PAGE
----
Benjamin Hollander offered one of the more productive responses to my “Preliminary Notes”. Pointing to the final quote from Landauer, he asked whether or not poetry can help us rethink our relationships between others, suggesting that history is but one element. And of course, if you know Benjamin’s superb work, you will know that this is often his own project, particularly in RITUALS OF TRUCE AND THE OTHER ISRAELI. It’s a piece of prose essentially, what might be called creative non-fiction, with biographical elements. Benjamin Hollander as born in Israel and frequenty goes back. He has a book of creative non-fiction called THE RITUALS OF TRUCE AND THE OTHER ISRAELI. It kicks ass, and from the title alone suggests he will take on specific, political content. He does so with what a more pretentious thinker might call Radical Humility, a call really for multiple types of listening across cultures. It’s a very powerful challenge and nuanced addition to the question of who gets to speak.
Benjamin turned me onto Semezin Mehmedinovic, a Bosnian exile now living here. In NINE ALEXANDRIAS writes about traveling across America from the exile’s point-of-view. It’s subject centered work, but in contrast to the techno-confessionalists—those who vomit back the worst of our culture, the very language of domination—the experience of reading it is more truly challenging to our comfortable, privileged point of view. His characterization of our banal and insensitive notions of violence seems particularly distinct from those who merely appropriate for us that which is unfortunately already ours.
ESSAY ON TATTOOS
When the guy sitting across from me straightens up
I catch sight of a guillotine with a lightning flash
Against a bluish knife blade sketched
Hyper-realistically across his throat.
In the culture of poverty I come from
Tattoos are always and only the result of dull needles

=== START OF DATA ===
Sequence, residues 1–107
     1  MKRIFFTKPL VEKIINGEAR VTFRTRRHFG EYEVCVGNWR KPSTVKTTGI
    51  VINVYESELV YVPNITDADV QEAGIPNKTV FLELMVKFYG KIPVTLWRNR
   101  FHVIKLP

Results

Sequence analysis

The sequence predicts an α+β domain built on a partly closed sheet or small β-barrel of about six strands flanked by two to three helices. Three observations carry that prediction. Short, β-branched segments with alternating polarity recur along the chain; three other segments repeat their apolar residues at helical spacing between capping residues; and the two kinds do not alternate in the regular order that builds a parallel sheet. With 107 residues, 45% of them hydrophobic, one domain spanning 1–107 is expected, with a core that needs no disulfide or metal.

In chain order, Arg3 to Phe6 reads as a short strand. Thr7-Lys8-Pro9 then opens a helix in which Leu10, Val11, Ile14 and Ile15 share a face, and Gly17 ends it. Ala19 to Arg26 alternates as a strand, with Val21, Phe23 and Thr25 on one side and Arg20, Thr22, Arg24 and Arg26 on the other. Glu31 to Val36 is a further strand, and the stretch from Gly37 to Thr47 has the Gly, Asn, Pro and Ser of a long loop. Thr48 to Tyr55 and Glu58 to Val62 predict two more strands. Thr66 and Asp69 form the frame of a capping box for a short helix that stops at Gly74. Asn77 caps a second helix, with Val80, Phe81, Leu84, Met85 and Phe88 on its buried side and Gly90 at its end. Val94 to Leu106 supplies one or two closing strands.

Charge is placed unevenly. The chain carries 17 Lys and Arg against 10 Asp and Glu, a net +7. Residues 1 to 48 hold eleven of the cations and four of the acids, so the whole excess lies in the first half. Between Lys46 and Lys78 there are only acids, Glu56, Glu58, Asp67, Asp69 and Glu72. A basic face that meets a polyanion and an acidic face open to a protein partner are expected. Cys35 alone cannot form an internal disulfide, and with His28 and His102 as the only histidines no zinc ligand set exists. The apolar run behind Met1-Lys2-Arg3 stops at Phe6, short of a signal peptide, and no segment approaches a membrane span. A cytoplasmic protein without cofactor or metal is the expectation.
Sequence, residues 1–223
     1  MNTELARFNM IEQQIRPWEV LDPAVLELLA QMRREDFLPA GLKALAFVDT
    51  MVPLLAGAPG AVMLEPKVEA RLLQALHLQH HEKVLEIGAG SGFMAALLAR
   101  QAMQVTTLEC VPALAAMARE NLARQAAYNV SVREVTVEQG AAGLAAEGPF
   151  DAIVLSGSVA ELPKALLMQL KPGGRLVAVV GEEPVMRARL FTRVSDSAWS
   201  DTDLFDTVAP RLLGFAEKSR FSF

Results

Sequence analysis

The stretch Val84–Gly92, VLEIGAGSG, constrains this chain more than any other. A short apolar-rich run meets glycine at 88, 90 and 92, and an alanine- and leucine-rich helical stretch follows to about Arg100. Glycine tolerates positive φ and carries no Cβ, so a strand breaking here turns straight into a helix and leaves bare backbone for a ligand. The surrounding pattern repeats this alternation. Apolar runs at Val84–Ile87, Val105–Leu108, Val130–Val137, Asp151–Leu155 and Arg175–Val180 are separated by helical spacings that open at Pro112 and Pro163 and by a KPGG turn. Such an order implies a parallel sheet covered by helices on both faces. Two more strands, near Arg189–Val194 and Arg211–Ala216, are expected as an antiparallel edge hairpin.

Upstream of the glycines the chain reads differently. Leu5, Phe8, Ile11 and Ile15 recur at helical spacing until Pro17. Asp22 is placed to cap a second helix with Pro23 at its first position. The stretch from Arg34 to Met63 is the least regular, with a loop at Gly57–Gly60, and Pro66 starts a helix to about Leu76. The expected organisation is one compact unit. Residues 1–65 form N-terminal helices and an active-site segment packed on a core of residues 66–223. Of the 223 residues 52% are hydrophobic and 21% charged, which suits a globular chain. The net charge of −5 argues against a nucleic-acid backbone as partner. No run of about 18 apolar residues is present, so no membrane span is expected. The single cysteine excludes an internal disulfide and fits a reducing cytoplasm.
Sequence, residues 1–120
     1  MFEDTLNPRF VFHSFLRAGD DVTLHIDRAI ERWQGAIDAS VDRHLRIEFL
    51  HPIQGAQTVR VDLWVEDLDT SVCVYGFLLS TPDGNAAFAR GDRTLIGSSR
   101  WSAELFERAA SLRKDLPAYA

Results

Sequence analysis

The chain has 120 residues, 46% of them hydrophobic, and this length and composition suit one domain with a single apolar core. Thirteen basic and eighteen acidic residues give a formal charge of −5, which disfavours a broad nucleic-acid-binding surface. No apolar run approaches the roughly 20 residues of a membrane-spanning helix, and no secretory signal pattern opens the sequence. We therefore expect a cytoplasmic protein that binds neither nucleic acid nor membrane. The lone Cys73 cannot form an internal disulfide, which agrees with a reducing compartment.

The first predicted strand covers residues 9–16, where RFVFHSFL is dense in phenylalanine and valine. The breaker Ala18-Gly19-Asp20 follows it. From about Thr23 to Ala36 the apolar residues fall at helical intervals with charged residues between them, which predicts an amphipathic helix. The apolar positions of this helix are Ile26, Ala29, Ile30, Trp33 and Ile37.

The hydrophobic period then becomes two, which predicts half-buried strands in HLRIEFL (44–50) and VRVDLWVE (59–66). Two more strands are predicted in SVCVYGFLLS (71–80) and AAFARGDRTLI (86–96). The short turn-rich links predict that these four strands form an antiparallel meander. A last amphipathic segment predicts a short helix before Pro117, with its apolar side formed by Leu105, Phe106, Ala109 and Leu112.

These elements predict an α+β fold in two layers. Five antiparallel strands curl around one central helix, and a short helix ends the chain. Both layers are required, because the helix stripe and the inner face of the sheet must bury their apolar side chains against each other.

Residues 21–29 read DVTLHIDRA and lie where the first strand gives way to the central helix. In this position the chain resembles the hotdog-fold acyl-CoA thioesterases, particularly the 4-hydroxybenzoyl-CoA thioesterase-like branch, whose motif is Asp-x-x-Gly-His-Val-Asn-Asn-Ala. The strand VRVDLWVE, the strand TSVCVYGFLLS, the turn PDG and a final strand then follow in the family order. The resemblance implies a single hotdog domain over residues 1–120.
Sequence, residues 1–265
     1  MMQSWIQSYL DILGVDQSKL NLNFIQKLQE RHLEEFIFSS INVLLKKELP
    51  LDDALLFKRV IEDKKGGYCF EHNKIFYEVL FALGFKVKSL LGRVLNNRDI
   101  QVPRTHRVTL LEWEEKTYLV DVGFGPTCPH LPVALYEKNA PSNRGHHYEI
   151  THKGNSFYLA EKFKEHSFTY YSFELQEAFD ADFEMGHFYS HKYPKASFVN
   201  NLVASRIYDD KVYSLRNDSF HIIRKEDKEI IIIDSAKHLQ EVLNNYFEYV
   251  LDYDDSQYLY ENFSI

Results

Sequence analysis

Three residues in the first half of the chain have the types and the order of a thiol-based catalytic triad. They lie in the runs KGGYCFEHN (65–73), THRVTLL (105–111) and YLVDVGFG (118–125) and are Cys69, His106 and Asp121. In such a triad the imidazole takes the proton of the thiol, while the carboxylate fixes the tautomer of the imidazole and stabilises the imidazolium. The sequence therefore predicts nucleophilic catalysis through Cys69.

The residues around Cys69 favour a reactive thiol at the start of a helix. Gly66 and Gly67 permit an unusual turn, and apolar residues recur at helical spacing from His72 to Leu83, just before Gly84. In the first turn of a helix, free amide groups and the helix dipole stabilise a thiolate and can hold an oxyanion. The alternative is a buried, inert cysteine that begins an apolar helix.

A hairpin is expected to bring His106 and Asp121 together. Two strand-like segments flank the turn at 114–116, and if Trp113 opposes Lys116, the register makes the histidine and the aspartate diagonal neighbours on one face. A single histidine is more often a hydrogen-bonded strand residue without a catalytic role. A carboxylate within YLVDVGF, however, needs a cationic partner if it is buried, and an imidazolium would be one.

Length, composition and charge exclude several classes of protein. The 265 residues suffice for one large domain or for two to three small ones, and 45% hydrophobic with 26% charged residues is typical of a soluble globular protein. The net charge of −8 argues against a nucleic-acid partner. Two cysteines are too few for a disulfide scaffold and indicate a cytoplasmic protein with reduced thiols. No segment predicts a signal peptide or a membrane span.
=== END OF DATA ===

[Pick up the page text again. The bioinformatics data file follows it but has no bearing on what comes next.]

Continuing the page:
Taken up in solitary.
In spite of the pain, I yearned
To inscribe messages on my body
But I never took the plunge before the needle,
Something I attribute to the
Cause of antifascism:
In a society still sensitive to the tenderness of the skin
Memory of the holocaust still lives on.
And here is one of this responses to 9/11:
AFTER SPICER (L.A. 9/22)
I’ve already been sitting in the garden at the café
For hours before I spread the book out in front of me
Jack Spicer’s Language
So I can transmit what I’ve just read like it was
News, not something that
Happened half-a-century back:
“The 50 penny German postage stamp
Depicts a small chapel and an oak:
If you look real closely
You can see Hitler’s face come together in the crown of the tree,
And at the Bundespost the Reichmeister says:
We know what it is we’ve designed and it doesn’t represent Hitler.
It doesn’t speak very well for the German people
If they see Hitler everywhere.”
I particularly like the “We know what it is we’ve designed” line as it is sort of beside the point. Whether or not the big H is really in the image, he will be perceived there. That’s a line I take as possibly ironic, one that goes to questions of intention, and one that adds some nuance to the basic question of perceiving evil as total.
I have to say that what attracted me to writing, to becoming a writer was the way it seemed to lend me a new subjectivity, what I've called temporary autonomy, but which is perhaps better called "becoming exile."